So far as the other contention of the appellant, namely, invalidity of the impugned order of transfer for want of declaration of equivalence under Rule 9(1) of IAS (Pay) Rules is concerned, it may be indicated that there had already been a declaration when the re-designated post of Secretary, High Power Committee, was established that the said post was equivalent to the post of Additional Chief Secretary. It is the positive stand of the State Government that the posts of Chief Secretary and the Additional Chief Secretary are equivalent. But in the instant case, it is also not necessary to decide the question in detail as to whether in reality both the said posts are not equivalent as sought to be contended by Mr. Venugopal. It appears to us that prior to the impugned orders, a decision to declare the post of Secretary, High Power Committee, equivalent to the post of Chief Secretary of the State had been taken. Since the impugned order of transfer was implemented with immediate effect, the formal publication could not be made on the very same day but was made on January 5, 1991, namely, on the very next day. It appears from the records that the decision to declare equivalence was taken prior to the impugned order of transfer and the formal publication by way of statutory requirement was made in order to give effect to the decision to declare equivalence already taken.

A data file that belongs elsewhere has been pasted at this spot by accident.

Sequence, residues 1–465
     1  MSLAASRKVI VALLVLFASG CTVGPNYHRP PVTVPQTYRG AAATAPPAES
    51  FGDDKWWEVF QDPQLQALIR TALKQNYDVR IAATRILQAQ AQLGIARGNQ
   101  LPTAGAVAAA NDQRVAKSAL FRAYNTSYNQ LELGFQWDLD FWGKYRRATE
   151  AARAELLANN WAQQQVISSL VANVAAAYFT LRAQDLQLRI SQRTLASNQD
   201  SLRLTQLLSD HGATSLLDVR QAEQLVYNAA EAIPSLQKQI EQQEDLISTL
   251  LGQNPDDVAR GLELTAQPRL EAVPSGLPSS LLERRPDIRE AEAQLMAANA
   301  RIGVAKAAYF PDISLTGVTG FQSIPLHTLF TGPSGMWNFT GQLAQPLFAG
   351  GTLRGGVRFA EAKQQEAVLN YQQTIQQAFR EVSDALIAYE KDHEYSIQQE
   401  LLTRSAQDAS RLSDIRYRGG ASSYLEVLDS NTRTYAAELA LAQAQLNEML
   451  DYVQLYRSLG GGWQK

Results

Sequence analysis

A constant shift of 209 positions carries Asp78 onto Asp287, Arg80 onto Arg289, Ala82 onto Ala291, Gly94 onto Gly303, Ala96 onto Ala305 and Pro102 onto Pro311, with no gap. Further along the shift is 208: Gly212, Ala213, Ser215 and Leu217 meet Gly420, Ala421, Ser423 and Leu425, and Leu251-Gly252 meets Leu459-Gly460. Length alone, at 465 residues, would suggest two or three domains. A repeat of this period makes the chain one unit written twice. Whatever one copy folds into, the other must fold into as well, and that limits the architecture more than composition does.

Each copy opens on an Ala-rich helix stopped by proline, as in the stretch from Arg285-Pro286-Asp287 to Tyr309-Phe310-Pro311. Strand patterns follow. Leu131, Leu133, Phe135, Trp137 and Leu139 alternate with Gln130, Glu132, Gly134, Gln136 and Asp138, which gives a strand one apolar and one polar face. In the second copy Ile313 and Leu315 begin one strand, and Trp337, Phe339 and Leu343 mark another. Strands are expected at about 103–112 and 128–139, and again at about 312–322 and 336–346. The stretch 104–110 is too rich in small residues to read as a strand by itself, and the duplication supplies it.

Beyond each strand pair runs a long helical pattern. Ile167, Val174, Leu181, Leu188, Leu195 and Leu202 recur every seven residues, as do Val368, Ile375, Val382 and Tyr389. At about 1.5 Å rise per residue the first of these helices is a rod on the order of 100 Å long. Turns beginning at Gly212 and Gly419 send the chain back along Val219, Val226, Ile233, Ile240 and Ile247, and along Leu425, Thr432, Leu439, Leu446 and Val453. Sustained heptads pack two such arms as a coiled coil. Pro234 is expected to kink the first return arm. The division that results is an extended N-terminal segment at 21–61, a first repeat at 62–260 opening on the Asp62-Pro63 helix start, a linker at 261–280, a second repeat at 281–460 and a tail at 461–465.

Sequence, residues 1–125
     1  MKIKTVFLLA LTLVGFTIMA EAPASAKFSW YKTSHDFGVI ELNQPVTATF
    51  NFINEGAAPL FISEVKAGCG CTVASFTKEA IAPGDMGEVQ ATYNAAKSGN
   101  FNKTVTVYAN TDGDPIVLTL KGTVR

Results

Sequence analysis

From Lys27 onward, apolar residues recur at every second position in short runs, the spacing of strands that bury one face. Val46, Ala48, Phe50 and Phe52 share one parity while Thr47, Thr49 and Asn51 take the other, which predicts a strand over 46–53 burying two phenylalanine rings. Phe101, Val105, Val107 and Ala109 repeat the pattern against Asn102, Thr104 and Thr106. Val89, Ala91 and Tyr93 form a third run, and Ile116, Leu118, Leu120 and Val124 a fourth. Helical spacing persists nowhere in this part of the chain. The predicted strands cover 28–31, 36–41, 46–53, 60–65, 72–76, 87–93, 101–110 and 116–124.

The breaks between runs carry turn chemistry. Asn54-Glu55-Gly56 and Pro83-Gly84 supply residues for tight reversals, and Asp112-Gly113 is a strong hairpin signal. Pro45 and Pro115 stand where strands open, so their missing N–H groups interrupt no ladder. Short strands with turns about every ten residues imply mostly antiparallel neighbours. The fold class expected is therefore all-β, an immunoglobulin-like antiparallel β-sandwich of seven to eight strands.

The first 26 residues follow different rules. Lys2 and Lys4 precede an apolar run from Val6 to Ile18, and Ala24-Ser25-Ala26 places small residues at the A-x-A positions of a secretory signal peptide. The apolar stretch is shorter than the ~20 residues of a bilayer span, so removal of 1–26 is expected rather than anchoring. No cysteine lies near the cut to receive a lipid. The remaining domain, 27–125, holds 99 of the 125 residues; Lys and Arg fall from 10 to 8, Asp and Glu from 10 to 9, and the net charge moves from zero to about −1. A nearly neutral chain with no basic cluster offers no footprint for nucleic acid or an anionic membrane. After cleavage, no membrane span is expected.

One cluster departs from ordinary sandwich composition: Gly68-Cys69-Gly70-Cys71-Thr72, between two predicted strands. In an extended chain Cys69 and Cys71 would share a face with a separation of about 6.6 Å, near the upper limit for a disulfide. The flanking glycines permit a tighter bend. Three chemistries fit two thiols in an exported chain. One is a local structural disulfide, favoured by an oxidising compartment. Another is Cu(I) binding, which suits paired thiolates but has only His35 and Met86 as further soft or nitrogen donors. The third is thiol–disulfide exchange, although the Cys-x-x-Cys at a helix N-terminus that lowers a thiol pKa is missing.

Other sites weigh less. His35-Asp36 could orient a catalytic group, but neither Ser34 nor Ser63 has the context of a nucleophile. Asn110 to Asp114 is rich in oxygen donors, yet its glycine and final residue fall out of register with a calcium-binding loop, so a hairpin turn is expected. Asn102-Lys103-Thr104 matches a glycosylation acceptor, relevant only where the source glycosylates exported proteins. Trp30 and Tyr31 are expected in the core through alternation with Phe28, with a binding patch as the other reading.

In such circumstances, we do not think that the formal declaration made on January S, 1991 invalidates the impugned order of transfer. The Tribunal is justified in holding that infraction, even if any, in making publication formally on January S, 1991, is only a technical violation for which no interference is called for. In the result, we do not find any reason to interfere with the impugned decision of the Central Administrative Tribunal and the appeal, therefore, fails and is dismissed but without any order as to costs.